Introduction: "Not a Common Officer"
The frontispiece of the Argosy, Vol. VII (1869), one of only a few illustrations in the periodical, plunges the reader straight into the sensational sub-plot of Mrs Henry Wood's new serial, Roland Yorke, which ran in monthly instalments throughout this year. The new work was written as a sequel to Wood's popular The Channings (1862), in which she contrasts two very differently brought-up sets of siblings: the virtuous Channings and the unprincipled Yorkes. As the title of the sequel indicates, the focus is now on the second of the Yorke boys, the totally irrepressible Roland, and it shows him making good after having stolen a cheque in the earlier novel. He has just returned from Africa, where he learnt some hard lessons; instead of making his fortune there with his consignment of frying pans (a typically hare-brained project), he had once been reduced to selling hot potatoes in the streets. But, from start to finish, the sub-plot, in which Roland is only marginally involved, provides the main interest of the narrative.
This sub-plot concerns John Ollivera, an up-and-coming young barrister who is shot through the heart while in temporary lodgings at Mrs Jones's house in Helstonleigh. In the absence of any other explanation for his death, the coroner has returned a verdict of suicide, and Ollivera has been buried accordingly — at night, and without ceremony. Unable to accept such a verdict, his curate brother has returned to the grave. The illustration (right)* shows him defiantly reading out the burial service over it in a hastily borrowed, ill-fitting surplice, supported by his cousin Frank Greatorex (youngest brother of the city lawyer Bede Greatorex), his friend Arthur Channing, his brother's fellow-barrister Mr Kene, and one or two others. The solemn little group is spied on, from behind a headstone, by the creepy, crouching figure of the detective, Jonas Butterby. The caption for the Argosy frontispiece, which is not found word for word in the text itself, runs: "They stood in the midnight air with bowed heads. The light fell on the clergyman's book and he proceeded to read the burial service. Butterby, the detective, stood hidden behind a tombstone."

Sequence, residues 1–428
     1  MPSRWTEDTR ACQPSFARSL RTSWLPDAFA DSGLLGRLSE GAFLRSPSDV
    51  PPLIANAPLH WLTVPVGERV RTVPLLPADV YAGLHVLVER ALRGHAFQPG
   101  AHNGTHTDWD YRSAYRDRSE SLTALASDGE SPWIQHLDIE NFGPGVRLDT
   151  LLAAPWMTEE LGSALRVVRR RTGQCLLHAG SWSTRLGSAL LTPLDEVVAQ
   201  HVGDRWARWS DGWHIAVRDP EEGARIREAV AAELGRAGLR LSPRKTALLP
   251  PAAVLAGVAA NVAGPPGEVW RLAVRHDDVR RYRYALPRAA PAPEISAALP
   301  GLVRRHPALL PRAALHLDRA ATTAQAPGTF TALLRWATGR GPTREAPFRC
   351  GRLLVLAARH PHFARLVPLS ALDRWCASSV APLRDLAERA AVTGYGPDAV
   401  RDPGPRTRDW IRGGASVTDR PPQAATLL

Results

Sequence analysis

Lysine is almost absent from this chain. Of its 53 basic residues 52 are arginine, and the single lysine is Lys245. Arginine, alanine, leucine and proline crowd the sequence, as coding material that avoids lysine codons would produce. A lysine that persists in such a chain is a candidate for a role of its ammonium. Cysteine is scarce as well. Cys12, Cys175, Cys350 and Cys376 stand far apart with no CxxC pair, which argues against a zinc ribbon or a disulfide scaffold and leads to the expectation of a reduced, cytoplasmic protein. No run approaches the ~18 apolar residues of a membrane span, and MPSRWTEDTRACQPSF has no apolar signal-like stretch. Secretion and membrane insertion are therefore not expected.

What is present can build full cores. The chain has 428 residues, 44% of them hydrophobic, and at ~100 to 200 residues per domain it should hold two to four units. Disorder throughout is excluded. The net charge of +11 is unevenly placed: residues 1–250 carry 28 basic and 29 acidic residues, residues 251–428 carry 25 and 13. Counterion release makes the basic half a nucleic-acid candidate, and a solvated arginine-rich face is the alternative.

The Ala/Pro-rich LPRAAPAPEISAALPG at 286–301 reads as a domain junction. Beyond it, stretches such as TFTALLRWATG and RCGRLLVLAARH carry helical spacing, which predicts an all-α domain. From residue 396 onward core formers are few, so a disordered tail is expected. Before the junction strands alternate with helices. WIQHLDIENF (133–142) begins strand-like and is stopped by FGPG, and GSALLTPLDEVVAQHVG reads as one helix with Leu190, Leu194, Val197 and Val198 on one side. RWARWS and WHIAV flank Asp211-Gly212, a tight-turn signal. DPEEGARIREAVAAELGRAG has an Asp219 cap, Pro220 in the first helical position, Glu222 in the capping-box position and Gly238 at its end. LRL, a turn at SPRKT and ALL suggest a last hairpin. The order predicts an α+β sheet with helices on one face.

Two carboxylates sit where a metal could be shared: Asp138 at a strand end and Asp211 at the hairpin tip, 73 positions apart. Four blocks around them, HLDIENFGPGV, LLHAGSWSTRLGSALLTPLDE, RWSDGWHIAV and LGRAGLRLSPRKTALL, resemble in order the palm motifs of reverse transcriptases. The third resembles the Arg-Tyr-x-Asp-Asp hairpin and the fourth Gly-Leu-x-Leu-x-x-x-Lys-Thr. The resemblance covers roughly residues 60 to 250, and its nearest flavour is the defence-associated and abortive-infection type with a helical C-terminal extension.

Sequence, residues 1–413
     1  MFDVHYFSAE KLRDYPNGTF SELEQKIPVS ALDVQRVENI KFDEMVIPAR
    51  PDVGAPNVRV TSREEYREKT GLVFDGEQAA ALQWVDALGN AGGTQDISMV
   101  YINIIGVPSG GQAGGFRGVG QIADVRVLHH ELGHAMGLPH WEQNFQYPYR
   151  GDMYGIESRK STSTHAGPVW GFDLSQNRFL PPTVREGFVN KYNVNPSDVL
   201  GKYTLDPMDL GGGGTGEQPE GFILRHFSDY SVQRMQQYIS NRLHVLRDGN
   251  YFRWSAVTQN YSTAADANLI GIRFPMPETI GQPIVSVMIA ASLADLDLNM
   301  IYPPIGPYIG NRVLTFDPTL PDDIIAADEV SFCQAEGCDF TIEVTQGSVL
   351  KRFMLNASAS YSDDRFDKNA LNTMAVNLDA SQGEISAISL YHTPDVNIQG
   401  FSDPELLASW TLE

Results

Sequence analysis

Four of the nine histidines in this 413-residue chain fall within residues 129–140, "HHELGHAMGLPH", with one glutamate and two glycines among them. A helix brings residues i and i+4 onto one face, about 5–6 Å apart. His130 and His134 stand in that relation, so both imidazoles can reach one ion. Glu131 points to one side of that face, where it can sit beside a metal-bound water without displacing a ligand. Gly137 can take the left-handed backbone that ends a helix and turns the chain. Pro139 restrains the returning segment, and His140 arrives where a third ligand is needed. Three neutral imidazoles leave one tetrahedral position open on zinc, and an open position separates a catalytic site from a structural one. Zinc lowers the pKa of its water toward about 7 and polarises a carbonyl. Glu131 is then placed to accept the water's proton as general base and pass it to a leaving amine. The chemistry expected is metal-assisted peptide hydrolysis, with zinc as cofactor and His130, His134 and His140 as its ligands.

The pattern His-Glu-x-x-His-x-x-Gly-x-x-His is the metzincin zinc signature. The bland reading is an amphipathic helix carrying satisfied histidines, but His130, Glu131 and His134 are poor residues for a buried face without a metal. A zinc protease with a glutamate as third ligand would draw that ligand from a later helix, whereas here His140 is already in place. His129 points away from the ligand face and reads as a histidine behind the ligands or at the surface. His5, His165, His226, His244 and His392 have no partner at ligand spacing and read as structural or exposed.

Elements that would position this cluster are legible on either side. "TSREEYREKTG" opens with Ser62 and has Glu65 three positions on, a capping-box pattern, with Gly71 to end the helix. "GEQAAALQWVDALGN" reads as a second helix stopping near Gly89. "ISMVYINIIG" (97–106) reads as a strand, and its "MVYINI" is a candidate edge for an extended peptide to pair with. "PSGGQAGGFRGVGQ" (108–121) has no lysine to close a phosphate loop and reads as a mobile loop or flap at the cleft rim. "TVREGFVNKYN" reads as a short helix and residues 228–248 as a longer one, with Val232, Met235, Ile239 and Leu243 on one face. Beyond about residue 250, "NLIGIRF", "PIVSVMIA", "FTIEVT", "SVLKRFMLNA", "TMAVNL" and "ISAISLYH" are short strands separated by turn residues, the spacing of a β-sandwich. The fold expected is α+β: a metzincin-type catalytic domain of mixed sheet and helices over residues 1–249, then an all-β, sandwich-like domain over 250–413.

The scene is a disturbing one, but Wood's readers would not have been surprised by that. The author was well established by now, and her novels commonly involved crimes and trials, and featured police officers, detectives and lawyers. Butterby's ambivalent image too is conventional enough for the times. The legal profession was an old fixture, but in the mid-Victorian period a professional police network was relatively recent. Richard Hare in East Lynne (1861) still remembers "the Bow-street officers ... a term which had been familiar to his boyish years" (350). Earlier on, when visiting Archibald Carlyle in his office, Richard had happened to say, "How the place has altered! There's a new brick house on the corner where old Morgan's shop used to stand." Carlyle had responded, "That's the new police station" (265). So these were early days for the profession. Policemen were still low in the social hierarchy. In Wood's A Life's Secret (serialised in 1862), Peter Quale, "one of the higher artisans of the Messrs. Hunters' yard" (53), reminds the disaffected builders that they earn a decent salary of thirty-three shillings a week in comparison with farm labourers and others — including policemen: "Look at a policeman, with his pound [only twenty shillings] a week" (160). Sergeant Delves in Mrs Halliburton's Troubles (1862) also looks unprepossessing: he is described as "a portly man, with a padded breast and a red face, who, in his official costume, always looked as if he were choking" (231).